Sharon Post said Jeff had lots of behavior problems as a boy, and they tried everything from military school to hospitalization. Jeff threatened to commit suicide more than once, Post said, and when his sister died of a drug overdose, he said he always thought he would be the one to die that way.

His diagnosis, Post said, was mental illness and drug addiction, and she was also told that Jeff was believed to be a victim of fetal alcohol syndrome. That means his biological mother may have drank enough to cause physical and mental defects in her unborn child — conditions that he has wrestled with his entire life.

Harmes told me he came west in about 1998 and used to sweep the streets when he was homeless in Marina del Rey, trying to make some kind of contribution. He eventually wandered east for no particular reason and found the scrubby median strip that would become his latest contribution to the universe.

Thousands of people are homeless in Greater Los Angeles, and it’s easy to make collective judgments. But Harmes is a reminder that every one of them has a back story.

I’d like to think there’s a way to coax him into supportive housing except that there’s an extreme shortage of that very thing. He told me he’d never go for a shelter bed on skid row — too much chaos.

“I’d rather roll up in cardboard.”

For now, he’s found purpose and made a life for himself. In December, he told me, he got two $100 bills, among other Christmas presents.

As we spoke, he reconsidered his placement of an aloe vera plant, saying that he wanted to replant it where it could be better showcased.

“This is a big project,” he said, his hands covered with dirt, as he surveyed the unfinished work in front of him.

Copyright © 2015, Los Angeles Times

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10 Tips for the February Gardener

More record cold on the way!!! You must be saying “OK Kevin, how many more days until Spring?” Well funny you ask, the first day of spring i…

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Curbed Features

Here’s Design Toscano in a snapshot: the company sells over 6,000 products, spanning the categories of garden items (e.g. vampire and fairy statues), “tongue-in-cheek” novelty gifts (e.g. an armadillo beer holder or knight toilet paper holder), and “serious” furniture based off historical pieces (commonly carved furniture from across Europe). Its products can be seen in movies like Night at the Museum, TV shows like Sleepy Hollow and Blue Bloods, Caesars Palace in Las Vegas, and, in the case of the giant garden yeti, the main lobby of Amazon’s headquarters in Seattle (and possibly somewhere in Matt LeBlanc’s house). That’s now—but how did Design Toscano corner this niche-seeming market of outlandish kitsch in the first place?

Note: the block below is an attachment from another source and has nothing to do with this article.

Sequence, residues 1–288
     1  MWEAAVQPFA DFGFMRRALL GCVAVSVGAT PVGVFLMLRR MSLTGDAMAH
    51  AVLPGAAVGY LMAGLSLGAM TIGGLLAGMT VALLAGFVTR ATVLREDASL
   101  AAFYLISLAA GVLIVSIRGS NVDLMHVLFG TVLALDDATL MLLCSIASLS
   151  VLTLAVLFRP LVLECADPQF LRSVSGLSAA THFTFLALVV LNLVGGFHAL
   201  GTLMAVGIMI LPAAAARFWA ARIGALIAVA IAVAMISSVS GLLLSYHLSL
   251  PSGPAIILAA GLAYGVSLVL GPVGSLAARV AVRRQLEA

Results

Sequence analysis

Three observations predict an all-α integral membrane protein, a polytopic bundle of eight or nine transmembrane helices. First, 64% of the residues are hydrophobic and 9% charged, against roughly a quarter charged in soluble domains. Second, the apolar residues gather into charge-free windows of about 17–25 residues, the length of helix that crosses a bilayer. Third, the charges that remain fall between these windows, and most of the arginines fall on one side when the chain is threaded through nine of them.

Click here to view the full photogallery.

It all started with Design Toscano co-founder Michael Stopka traveling around Europe as a consultant in the late ’80s, visiting castles and museums, and coming to the conclusion that there’s an untapped market for replicas of historical furniture back in the U.S. Upon returning home, Stopka partnered with a friend in the statuary business, put up some advertising in the back of magazines, and quickly expanded through a domestic mail-order catalog, garden shows, and in recent years, the Internet. According to Stopka, various small companies dabble in Design Toscano’s different categories, be it antiques or fairies, but no one else has centralized all of it to the extent that Toscano has.

Today, Design Toscano releases 300 to 400 items a year, a huge portion of which are designed from scratch by the company’s creative director, Steve Pseno. In a phone interview, Stopka explains that whereas big boxes offer “pretty generic” products, Pseno is all about finding that “Toscano spin,” which usually means experimenting with all kinds of “personalities” for popular categories like gargoyles, or Romanesque columned things.

Zombie%20of%20Montclaire.jpg“The Zombie of Montclaire Moors”

Stopka says that for Design Toscano, you don’t just have angels; you have “art angels,” “sexy angels,” and “vampy angels.” You have skeletons that are (purportedly) suitable for a year-round garden display. You have a mountain-climbing squirrel. The unending procession of garden gnomes goes without saying.

“[Steve] doesn’t like gnomes, so when he does gnomes, he does things that are fun, so like zombie gnomes, biker gnomes, gnomes that are mooning the world,” Stopka says. This spring, Pseno is introducing another Design Toscano exclusive gnome, one “Atlas the Athlete,” who comes outfitted like an early 1900s power-lifter.